KEEPING THE PAPER TRAIL AND KEEPING THE FAITH – VARIATIONS IN COMMERCIAL BUILDING PROJECTS
By Justin Cotton, Partner and head of practitioner advocacy, Lovegrove Smith & Cotton
24th of February 2012
It is often said that commercial building contracts do not impose the same stringent requirements on builders, as are imposed on their counterparts carrying out domestic building works. This is because of course the Domestic Building Contracts Act 1995 (Vic) contains requirements that a Builder estimate in writing to the owner the extra time, cost and other changes associated with a variation and then receive a follow up notice signed on behalf of the Owner with permission to proceed, BEFORE the variation work is carried out.
If a domestic builder does not follow this ‘paper trail’ before the variation work is performed the DBCA stipulates that the Builder will not be able to obtain payment for the extra work unless certain special circumstances apply, ie that the Builder can prove the work was done, and that it would be an exceptional hardship on the Builder if he did not collect payment and not unfair on the Owner. This requirement in the Act is mirrored in standard domestic building contracts.
There is not such a stringent requirement in any Act that imposes any such obligation on builders in commercial building contracts, nevertheless the standard commercial contracts will set out requirements that a Builder must be authorised or directed in writing to perform a variation before it occurs, and will set out a formula to value these variations. This may involve the parties agreeing on the value based on a schedule of rates applied to the change in quantity, or by a superintendent or contract administrator valuing the variation if agreement cannot be reached.
We have come across instances recently where parties have agreed verbally on variations in commercial contracts, on extra works or changes in scope involving tens of thousands of dollars. Later when the relationship breaks down toward the end of the project, one finds the variations or the necessity for them is disputed. This can make payment recovery extremely difficult for the Builder.
Therefore one should not underestimate the importance of good, sound documentation of variations and their likely implications for cost and time, and documented authorisationsky scaper construction.jpg from the Owner or Principal that works may proceed. Although there is no compulsion in the form of legislation hanging over the Builder’s head in this regard, a wise Builder knows that such good practice is for the Builder’s own protection. The same would apply for timely service of extension of time requests, or written notices in response to the Principal’s or Superintendent’s directions (if there is any dispute or difference over such directions).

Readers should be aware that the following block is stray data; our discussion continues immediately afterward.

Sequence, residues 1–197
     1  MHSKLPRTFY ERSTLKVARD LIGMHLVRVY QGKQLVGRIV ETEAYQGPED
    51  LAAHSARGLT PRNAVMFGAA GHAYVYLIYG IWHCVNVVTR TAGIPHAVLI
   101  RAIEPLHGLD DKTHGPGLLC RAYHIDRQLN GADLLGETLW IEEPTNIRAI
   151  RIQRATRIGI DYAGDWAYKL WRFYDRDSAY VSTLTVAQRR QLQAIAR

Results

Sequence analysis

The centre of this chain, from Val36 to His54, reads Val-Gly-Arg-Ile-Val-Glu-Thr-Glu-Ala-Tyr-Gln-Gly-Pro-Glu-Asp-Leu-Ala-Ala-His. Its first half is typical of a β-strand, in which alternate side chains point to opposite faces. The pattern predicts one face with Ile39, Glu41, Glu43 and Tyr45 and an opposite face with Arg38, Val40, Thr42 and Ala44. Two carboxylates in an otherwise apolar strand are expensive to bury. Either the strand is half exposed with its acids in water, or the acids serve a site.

In reality, it is not always possible with variations on large commercial sites to have all the paperwork in before work commences, nevertheless an attempt should be made to have the variation approved in writing by the Owner or Principal as urgently as possible, even if such approval is given while works are actually underway on the variation. It will save much time, aggravation and money in the long term. Proving a later verbal agreement to proceed with the work can be very problematic, particularly where there are not even diary notes or site meeting minutes to support the Builder’s argument.
As stated, a similar rationale applies to extension of time claims, crucially important not only for avoiding liquidated damages deductions, but also allowing a potential prolongation or delay claim in favour of the Builder, where such claims are allowed based on justifiable extensions (eg as found in the AS 2124 contract conditions).
It may be the subject of another dedicated article, but too many builders and subcontractors in commercial works neglect to make claims under the Security of Payment laws. Where that legislation applies to a construction contract, all payment claims should be made by invoices that cite the relevant Act and are valid payment claims under the Act (ie the Building and Construction Industry Security of Payment Act 2002). The beauty of this is that if the respondent to your payment claim does not give you some form of payment schedule in reply to the claim within 10 business days, the full amount of your claim becomes due and payable at the time it falls due under the contract. If necessary you can then sue for it in court.
To an extent such claims can include variations, provided they fit within the formula contained in the Act and are not “excluded amounts” under the legislation. You should see a lawyer for more explanation as to how to send compliant payment claims under the Act and what claims can be included, particularly in regard to variations.
By Justin Cotton, Partner and head of Practitioner Advocacy, Lovegrove Smith & Cotton